Imagine this: your TV set has just blown up and you’re in the middle of watching the season finale of Downton Abbey! Oh no!
Thankfully, if you have a computer, tablet or smartphone, you can carry on watching the episode live on the internet. Or if you couldn’t get to your device quickly enough then don’t worry – you can still watch the episode on Catch Up, which let’s you watch any episode of any show that’s been on TV in the past 7-14 days (can be up to 30 days depending on which channel the show was aired on). Some services, eg. All4, have what they call Box Sets as well. These are always available to watch – there’s no time limit.
Live TV vs. Catch-up TV
Watching live TV on any device means you’re seeing the programme at the same time that it’s being shown on TV. This means that you legally need a TV licence. You need a licence to watch live TV on any device, even if you don’t actually own a TV set at home. It’s the law so it’s best to check you have one and that it’s up to date.
Watching catch up TV means you’re watching a programme that has already been broadcast. For catch up TV you don’t normally need a TV licence. You could watch all your TV on catch up and not pay for a TV licence if you wanted to – that would be completely legal.
The one exception to that is iPlayer. You need a TV licence to watch any BBC programmes, live or not, so even if you only watch iPlayer on catch up, you still need a licence.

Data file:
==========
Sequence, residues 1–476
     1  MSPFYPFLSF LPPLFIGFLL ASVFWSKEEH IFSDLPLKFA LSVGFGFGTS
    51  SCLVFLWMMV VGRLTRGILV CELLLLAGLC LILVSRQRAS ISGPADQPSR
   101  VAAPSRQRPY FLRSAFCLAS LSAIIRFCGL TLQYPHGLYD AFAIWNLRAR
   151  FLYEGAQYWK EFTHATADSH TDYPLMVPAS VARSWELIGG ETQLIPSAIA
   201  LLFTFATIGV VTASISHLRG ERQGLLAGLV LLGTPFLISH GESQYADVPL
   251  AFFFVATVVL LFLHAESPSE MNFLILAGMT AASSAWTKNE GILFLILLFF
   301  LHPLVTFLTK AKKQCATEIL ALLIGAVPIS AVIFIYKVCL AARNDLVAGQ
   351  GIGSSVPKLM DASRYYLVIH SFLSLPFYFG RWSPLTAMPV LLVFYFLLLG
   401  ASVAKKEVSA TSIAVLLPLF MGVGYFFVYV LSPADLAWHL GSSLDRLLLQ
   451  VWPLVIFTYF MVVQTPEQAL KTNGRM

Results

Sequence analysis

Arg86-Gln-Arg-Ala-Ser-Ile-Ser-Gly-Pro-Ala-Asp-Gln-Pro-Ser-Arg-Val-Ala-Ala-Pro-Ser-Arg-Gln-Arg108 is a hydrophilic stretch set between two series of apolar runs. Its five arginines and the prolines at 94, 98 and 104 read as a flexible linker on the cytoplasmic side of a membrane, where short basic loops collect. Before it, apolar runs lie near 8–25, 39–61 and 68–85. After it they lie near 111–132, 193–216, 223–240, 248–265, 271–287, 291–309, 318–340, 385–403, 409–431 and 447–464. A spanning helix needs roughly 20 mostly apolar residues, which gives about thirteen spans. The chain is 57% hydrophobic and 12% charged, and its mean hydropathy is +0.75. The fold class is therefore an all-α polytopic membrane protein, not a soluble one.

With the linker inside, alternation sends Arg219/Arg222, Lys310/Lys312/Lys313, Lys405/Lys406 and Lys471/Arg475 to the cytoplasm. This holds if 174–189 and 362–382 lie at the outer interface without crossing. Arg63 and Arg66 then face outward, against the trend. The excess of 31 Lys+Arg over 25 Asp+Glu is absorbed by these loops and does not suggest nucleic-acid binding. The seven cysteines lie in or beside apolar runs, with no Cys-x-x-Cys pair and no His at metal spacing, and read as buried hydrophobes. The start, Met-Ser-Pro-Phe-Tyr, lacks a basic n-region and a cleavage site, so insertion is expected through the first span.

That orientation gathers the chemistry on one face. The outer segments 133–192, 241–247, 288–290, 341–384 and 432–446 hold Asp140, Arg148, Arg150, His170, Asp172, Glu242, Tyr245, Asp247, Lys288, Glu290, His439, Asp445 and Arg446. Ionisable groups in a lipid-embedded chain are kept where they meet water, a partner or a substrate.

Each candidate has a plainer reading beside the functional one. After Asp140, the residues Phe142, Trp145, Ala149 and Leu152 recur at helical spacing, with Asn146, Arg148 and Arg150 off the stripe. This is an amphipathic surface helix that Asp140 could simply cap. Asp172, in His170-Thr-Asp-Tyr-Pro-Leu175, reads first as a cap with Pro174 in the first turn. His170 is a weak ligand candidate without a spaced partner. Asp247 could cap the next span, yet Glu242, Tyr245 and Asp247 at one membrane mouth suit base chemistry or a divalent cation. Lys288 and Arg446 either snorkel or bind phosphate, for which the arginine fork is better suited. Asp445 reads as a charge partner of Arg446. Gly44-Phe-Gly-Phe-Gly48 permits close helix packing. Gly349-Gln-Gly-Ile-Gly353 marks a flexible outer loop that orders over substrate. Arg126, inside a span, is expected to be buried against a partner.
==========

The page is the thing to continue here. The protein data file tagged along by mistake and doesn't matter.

Streaming vs. Downloading
There are two ways you can watch TV on any device.
Firstly you can “stream” it – that means you’re watching it directly across the internet. You need a decent internet connection to watch it this way. If your internet connection isn’t great or you’re going on holiday soon and you want something to watch while you’re on the plane, then you can download programmes onto your device.
You do need an internet connection to download the programme but you don’t need one to watch it as it’s stored on your device, so you can watch it anywhere. You’ll find that all programmes can be streamed but only some programmes can be downloaded. It’s probably a good thing really as if you downloaded all the programmes you wanted to watch onto your device they would take up a lot of memory.
Watching TV on your computer or laptop
There are quite a few websites where you can catch up on programmes that you’ve missed and also watch live TV if you don’t have access to a TV set. Here’s a few examples of some of them:
http://go.sky.com/ (you need a sky subscription for this one)
Watching TV on an Apple device
All Apple devices come with the iTunes store installed where you can pay to download TV programmes to watch on your device. You can also download different apps through the app store to either stream Live TV or catch up on programmes that you’ve missed. Some of the most popular apps are the BBC iPlayer app, ITV Player, All 4 and Demand 5 which cover a lot of the programmes you can watch on your TV. If you pay a monthly subscription fee for TV (for example Sky or Now TV) then you can also download their app and watch the extra programmes they offer.
The apps all run in a similar way and you can also download some programmes onto your device (like on their websites).
Watching TV on an Android device
All Android devices come with Google Play Movies and TV app installed where you can pay to download TV programmes and watch them on your device. Like on Apple devices, you can also download different apps through the Google Play store like BBC iPlayer etc. to stream or download TV programmes. On an Amazon Kindle device, you can download programmes from the Amazon Video store.
Some programmes are limited to the location that they were originally aired in. Most apps will ask for your permission to access your location so they can show you the available TV programmes from your local area.
There are plenty of options for watching TV online, you can check them all out and use them all as they show different things. So get watching, but remember to check your TV licence first!